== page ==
- India added 9.2 GW of new power generating capacity in the country between April 2020 and November 2020
- It comprised of 7 GW of renewable energy and 2.2 GW of conventional energy, both reflecting a decline of 38% and 68%, respectively
- CARE Ratings attributed lower capacity addition to lockdown related disruptions, labor shortages and financial constraints
Renewable energy generation capacity addition in India between April 2020 and November 2020 added up to a total of 7 GW, clearly surpassing conventional capacity additions that was calculated by credit ratings agency CARE Ratings at 2.2 GW, basis provisional data of the Centre for Monitoring Indian Economy Pvt. Ltd. (CMIE) and Central Electricity Authority (CEA).
Out of this 7 GW, solar power claimed 5.2 GW or 75% a share taking the cumulative power generation capacity of this clean energy source to 37 GW. Compared to a year back, India’s renewable energy capacity addition was recorded at 11.4 GW, reflecting a decline of 38% on annual basis, while for conventional energy sources the annual decline was 68% from 7 GW reported for last year.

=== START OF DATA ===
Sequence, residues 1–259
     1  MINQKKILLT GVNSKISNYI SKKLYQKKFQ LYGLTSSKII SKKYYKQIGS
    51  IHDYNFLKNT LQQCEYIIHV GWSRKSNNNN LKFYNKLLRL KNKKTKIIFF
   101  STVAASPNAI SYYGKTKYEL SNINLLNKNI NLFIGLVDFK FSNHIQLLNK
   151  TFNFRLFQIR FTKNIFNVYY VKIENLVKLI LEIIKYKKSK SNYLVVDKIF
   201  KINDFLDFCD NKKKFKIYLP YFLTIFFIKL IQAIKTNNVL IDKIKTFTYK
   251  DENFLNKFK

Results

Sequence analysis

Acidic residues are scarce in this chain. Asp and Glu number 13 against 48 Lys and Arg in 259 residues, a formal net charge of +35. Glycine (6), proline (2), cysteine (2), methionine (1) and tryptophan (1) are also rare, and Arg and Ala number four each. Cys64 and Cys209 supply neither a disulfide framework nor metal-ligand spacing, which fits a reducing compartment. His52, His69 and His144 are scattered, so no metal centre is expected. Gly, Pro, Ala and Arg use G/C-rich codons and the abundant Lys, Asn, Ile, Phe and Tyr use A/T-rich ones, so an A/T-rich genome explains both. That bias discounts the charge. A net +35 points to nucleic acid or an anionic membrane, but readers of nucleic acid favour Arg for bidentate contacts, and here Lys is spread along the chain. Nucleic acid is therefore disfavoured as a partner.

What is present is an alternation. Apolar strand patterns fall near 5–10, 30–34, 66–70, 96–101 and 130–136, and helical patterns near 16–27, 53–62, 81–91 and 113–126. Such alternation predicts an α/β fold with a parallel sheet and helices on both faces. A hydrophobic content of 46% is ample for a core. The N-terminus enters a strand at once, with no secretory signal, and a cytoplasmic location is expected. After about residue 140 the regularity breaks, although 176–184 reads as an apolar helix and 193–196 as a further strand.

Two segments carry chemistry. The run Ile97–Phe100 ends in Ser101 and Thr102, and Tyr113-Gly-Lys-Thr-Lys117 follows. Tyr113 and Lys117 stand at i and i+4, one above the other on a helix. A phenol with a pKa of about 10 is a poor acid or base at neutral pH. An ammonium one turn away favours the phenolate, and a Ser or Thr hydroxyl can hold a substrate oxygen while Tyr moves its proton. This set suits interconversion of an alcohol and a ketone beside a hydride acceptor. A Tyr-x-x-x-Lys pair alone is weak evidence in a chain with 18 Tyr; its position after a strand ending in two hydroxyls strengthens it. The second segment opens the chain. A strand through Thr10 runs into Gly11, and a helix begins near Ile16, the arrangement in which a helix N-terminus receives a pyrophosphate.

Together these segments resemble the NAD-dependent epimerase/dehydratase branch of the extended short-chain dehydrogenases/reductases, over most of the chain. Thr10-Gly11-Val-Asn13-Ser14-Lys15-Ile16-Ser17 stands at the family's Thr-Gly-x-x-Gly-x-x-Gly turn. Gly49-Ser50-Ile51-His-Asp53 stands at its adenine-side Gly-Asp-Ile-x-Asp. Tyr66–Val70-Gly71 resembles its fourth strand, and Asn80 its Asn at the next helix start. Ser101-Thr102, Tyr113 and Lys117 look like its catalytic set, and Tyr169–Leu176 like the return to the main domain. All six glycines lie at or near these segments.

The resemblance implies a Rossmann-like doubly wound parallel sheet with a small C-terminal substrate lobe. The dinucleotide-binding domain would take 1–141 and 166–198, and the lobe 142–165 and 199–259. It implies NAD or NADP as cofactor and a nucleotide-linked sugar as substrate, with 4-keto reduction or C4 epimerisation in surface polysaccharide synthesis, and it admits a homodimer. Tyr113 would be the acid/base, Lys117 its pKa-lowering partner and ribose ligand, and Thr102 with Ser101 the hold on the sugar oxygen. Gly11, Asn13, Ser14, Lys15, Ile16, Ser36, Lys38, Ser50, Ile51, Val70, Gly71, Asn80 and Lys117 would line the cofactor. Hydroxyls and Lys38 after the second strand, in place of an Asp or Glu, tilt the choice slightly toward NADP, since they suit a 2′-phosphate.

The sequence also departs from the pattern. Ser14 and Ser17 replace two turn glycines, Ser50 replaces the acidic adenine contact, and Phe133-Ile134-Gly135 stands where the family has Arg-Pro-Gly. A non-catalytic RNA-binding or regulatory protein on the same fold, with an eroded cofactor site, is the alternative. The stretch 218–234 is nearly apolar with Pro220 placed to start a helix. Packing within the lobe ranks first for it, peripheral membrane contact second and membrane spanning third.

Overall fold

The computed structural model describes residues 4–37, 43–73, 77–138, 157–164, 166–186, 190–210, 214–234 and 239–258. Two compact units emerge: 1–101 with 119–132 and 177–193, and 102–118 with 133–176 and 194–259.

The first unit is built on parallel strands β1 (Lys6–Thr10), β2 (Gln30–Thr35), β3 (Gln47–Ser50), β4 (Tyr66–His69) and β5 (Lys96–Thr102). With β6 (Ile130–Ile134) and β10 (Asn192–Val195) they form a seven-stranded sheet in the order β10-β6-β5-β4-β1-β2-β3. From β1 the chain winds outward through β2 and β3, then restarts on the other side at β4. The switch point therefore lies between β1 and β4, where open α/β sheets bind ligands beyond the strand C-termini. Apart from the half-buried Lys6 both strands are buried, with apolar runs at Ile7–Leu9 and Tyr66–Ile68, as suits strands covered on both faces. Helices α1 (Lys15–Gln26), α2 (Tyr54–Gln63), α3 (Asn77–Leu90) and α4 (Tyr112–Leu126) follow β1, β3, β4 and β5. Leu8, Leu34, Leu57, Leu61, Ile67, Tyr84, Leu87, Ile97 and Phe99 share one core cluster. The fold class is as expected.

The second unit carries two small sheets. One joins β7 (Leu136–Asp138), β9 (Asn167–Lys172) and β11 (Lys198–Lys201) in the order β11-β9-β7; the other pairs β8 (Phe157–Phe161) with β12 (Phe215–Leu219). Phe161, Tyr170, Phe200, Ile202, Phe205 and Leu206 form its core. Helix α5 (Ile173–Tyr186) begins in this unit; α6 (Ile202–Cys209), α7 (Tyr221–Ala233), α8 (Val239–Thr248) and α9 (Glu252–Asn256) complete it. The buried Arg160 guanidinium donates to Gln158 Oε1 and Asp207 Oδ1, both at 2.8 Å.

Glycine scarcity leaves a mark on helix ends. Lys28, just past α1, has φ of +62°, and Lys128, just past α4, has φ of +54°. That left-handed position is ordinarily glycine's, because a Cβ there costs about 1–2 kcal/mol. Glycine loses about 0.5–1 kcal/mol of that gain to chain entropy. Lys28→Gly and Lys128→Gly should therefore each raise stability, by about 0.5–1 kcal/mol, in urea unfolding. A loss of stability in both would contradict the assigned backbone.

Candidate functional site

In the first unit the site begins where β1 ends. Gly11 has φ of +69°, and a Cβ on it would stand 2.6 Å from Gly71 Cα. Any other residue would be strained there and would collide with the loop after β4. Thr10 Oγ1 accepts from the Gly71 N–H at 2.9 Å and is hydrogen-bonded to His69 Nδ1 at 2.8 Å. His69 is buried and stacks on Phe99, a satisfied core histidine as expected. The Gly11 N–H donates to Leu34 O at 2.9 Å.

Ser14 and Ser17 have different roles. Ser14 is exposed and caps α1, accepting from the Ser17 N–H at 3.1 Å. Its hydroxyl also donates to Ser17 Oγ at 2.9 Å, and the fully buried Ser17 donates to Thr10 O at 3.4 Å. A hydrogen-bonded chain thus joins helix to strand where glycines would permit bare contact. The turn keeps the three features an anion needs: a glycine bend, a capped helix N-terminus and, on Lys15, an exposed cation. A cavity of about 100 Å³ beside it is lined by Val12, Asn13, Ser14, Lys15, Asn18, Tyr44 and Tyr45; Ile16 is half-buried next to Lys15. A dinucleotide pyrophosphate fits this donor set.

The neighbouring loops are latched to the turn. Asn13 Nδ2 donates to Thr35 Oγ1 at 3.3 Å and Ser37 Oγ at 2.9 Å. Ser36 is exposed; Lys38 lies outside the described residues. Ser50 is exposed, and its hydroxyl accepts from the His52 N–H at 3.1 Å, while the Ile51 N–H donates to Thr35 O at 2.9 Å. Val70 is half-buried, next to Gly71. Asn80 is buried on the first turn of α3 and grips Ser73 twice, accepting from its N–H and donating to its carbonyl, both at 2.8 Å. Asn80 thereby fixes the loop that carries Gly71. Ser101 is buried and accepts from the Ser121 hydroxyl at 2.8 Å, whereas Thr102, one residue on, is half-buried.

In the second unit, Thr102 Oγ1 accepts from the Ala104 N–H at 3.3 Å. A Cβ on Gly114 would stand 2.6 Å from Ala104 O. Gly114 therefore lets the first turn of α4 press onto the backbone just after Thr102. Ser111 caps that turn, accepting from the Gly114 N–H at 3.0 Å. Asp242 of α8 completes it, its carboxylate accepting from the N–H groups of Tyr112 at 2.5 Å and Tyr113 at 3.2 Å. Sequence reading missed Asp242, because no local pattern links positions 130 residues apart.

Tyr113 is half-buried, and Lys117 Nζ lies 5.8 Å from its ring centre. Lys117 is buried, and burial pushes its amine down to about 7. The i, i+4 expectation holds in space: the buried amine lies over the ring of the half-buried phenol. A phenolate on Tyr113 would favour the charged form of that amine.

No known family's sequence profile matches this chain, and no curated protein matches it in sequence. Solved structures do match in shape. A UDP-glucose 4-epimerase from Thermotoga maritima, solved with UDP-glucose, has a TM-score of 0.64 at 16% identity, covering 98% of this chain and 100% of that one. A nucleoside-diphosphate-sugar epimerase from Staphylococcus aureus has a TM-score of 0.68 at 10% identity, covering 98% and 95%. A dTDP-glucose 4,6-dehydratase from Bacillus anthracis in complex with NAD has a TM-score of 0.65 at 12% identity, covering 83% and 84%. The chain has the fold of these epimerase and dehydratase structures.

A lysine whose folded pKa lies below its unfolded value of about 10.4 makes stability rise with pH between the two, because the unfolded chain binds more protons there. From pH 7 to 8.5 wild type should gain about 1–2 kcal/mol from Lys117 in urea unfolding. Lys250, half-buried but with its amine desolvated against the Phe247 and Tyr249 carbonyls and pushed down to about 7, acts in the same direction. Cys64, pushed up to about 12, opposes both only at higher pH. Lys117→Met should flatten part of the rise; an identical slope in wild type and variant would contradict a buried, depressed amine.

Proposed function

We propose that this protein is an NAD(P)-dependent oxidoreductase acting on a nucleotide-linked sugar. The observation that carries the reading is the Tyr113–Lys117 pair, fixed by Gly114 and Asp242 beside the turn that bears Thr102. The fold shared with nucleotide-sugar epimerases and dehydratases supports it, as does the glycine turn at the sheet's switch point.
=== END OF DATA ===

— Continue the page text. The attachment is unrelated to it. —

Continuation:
India’s dominant source of energy currently, coal power accounted for 1.9 GW during the reporting period in 2020, said CARE in its December 2020 Power Sector Update.
“The lower capacity addition can be attributed to the lockdown led disruptions in the supply chain (which slowed movement of inputs and has led to an increase in their prices), labour shortages as well as the constrained finances and liquidity pressures faced by the developers,” said CARE analysts. “In addition, the restriction on the imports of inputs viz. for solar power has aggravated the constraints faced by the developers. Project timelines have been extended as a result, further aggravating the financial stress of developers. A six-month extension has been given by the Ministry of New and Renewable Energy for the completion of the under construction projects.”
Altogether, the total domestic electricity generation capacity of India was 374 MW at the end of November 2020, divided between 284 GW of conventional energy and 90 GW of renewable energy.